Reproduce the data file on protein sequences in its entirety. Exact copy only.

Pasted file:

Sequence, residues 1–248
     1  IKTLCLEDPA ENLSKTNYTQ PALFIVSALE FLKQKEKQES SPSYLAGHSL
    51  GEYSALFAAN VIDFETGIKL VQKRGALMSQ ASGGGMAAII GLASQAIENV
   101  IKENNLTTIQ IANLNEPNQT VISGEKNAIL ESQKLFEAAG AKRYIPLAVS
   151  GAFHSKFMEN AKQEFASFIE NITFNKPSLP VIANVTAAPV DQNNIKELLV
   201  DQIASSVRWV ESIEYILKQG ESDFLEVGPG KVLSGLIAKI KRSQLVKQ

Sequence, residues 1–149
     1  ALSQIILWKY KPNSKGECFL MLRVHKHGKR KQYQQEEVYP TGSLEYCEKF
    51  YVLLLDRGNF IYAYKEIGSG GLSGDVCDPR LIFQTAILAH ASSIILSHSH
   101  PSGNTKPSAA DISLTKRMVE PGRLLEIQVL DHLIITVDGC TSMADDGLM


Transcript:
Sequence, residues 1–248
     1  IKTLCLEDPA ENLSKTNYTQ PALFIVSALE FLKQKEKQES SPSYLAGHSL
    51  GEYSALFAAN VIDFETGIKL VQKRGALMSQ ASGGGMAAII GLASQAIENV
   101  IKENNLTTIQ IANLNEPNQT VISGEKNAIL ESQKLFEAAG AKRYIPLAVS
   151  GAFHSKFMEN AKQEFASFIE NITFNKPSLP VIANVTAAPV DQNNIKELLV
   201  DQIASSVRWV ESIEYILKQG ESDFLEVGPG KVLSGLIAKI KRSQLVKQ

Sequence, residues 1–149
     1  ALSQIILWKY KPNSKGECFL MLRVHKHGKR KQYQQEEVYP TGSLEYCEKF
    51  YVLLLDRGNF IYAYKEIGSG GLSGDVCDPR LIFQTAILAH ASSIILSHSH
   101  PSGNTKPSAA DISLTKRMVE PGRLLEIQVL DHLIITVDGC TSMADDGLM